President Susilo Bambang Yudhoyono urged the United Nations and the Organization of Islamic Cooperation on Monday to issue edicts against religious defamation in the wake of global protests ignited by a film insulting the Prophet Muhammad.
“I call on the Organization of Islamic Cooperation and the UN to mull over international protocol to prevent such things like this from happening again,” Yudhoyono said, referring to the anti-Islam film “The Innocence of Muslims.”
The president said that religious defamation should be condemned because it hurts the hearts of religious people, disturbs the peace and can trigger bloody conflicts, in a speech before a national meeting of the Nahdlatul Ulama in Cirebon, West Java,
The controversial film has been blocked in Indonesia at the behest of the Indonesian government. The film, which was produced by a self-proclaimed Coptic Christian American, set off a wave of anti-US protests across the Middle East and Indonesia and reportedly inspired an attack on the US Embassy in Libya that resulted in the death of US Ambassador Christopher Stevens and three other Americans.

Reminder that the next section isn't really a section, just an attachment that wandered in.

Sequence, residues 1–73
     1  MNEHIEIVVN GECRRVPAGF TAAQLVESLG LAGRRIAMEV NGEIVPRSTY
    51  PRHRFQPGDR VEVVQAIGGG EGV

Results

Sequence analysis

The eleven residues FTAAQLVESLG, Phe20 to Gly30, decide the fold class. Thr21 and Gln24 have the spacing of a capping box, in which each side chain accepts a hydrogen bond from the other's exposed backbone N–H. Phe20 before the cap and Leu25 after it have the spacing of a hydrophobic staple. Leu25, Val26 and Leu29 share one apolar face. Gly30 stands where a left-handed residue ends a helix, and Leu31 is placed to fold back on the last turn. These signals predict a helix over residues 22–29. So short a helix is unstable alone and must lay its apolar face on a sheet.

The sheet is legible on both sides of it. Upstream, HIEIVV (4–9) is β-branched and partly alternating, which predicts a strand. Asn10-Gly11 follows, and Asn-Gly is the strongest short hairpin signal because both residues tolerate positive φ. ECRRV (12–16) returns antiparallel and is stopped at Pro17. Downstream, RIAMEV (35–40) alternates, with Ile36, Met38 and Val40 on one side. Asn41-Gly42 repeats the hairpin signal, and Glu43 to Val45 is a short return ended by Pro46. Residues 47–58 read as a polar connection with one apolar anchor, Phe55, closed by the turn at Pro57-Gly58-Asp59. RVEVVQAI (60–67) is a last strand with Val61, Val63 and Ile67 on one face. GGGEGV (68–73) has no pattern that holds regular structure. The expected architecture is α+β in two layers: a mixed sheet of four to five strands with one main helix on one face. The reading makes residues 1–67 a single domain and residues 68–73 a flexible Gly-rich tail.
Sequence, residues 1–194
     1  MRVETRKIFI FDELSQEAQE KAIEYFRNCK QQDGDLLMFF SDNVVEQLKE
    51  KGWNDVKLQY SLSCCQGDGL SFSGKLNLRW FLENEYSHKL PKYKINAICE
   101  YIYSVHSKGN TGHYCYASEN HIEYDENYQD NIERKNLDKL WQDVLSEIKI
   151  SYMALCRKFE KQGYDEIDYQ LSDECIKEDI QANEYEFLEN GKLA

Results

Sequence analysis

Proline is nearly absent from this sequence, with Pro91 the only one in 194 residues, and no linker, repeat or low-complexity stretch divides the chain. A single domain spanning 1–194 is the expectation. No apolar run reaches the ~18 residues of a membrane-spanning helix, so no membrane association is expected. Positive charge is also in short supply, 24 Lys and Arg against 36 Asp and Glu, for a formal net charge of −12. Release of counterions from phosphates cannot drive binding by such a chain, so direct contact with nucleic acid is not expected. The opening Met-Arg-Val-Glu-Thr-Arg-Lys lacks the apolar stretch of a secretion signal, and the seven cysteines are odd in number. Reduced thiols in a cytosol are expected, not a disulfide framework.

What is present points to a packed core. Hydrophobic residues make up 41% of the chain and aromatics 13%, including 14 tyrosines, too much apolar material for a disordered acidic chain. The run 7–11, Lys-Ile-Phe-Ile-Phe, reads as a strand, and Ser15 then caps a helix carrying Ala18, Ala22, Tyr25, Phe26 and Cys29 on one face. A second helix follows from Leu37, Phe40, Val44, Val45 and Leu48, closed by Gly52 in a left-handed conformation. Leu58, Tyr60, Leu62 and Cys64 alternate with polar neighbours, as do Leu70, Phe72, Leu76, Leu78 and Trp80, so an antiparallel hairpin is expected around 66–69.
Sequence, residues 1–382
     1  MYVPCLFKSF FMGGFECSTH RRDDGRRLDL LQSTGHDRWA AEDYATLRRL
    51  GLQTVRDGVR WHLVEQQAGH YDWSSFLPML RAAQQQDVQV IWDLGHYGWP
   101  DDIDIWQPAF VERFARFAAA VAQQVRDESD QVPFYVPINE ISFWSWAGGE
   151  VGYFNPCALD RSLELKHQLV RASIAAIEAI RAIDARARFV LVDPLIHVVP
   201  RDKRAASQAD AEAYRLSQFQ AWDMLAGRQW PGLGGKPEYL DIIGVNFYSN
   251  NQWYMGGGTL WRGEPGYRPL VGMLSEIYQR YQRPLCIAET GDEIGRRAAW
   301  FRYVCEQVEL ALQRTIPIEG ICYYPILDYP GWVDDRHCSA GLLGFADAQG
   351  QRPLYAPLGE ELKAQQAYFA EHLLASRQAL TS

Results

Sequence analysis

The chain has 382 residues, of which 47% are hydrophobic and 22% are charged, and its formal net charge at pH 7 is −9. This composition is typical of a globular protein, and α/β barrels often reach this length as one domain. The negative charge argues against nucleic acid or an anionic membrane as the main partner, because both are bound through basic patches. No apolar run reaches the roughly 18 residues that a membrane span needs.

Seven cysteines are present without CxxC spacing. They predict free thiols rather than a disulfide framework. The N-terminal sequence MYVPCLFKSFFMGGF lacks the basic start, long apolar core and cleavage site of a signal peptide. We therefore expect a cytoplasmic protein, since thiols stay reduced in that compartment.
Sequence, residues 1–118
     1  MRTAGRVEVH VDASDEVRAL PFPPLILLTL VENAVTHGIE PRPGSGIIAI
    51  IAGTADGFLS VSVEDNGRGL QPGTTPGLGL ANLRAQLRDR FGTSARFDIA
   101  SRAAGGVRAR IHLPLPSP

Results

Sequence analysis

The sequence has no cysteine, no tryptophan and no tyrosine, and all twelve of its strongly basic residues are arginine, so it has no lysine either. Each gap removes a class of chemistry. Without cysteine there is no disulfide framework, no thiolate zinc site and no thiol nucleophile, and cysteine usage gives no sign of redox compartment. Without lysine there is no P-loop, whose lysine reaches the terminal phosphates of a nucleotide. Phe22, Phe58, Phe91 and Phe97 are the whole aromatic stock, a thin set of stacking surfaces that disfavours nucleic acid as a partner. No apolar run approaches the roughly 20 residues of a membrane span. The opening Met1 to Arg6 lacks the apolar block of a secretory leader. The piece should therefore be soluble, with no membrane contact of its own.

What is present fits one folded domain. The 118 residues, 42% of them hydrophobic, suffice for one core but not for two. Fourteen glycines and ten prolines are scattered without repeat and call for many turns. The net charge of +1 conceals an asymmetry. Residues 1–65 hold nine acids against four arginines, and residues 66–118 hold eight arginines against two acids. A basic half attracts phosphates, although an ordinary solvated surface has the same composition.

Yudhoyono said that the United Nations’ “Universal Declaration of Human Rights” allows for limitations to be placed on freedom of speech in the name of public order.
“Article 29 actually limits rights and freedoms, it could not be absolute as there should be limitations, such as if it is related to morality and public order,” he said.
Yudhoyono said that freedoms are limited under Indonesia’s constitution as well.
Meanwhile, protests turned violent in Indonesia on Monday as hard-liners clashed with police outside the US Embassy in Jakarta and vandalized a consulate in Medan, North Sumatra, and American fast food restaurants in Java.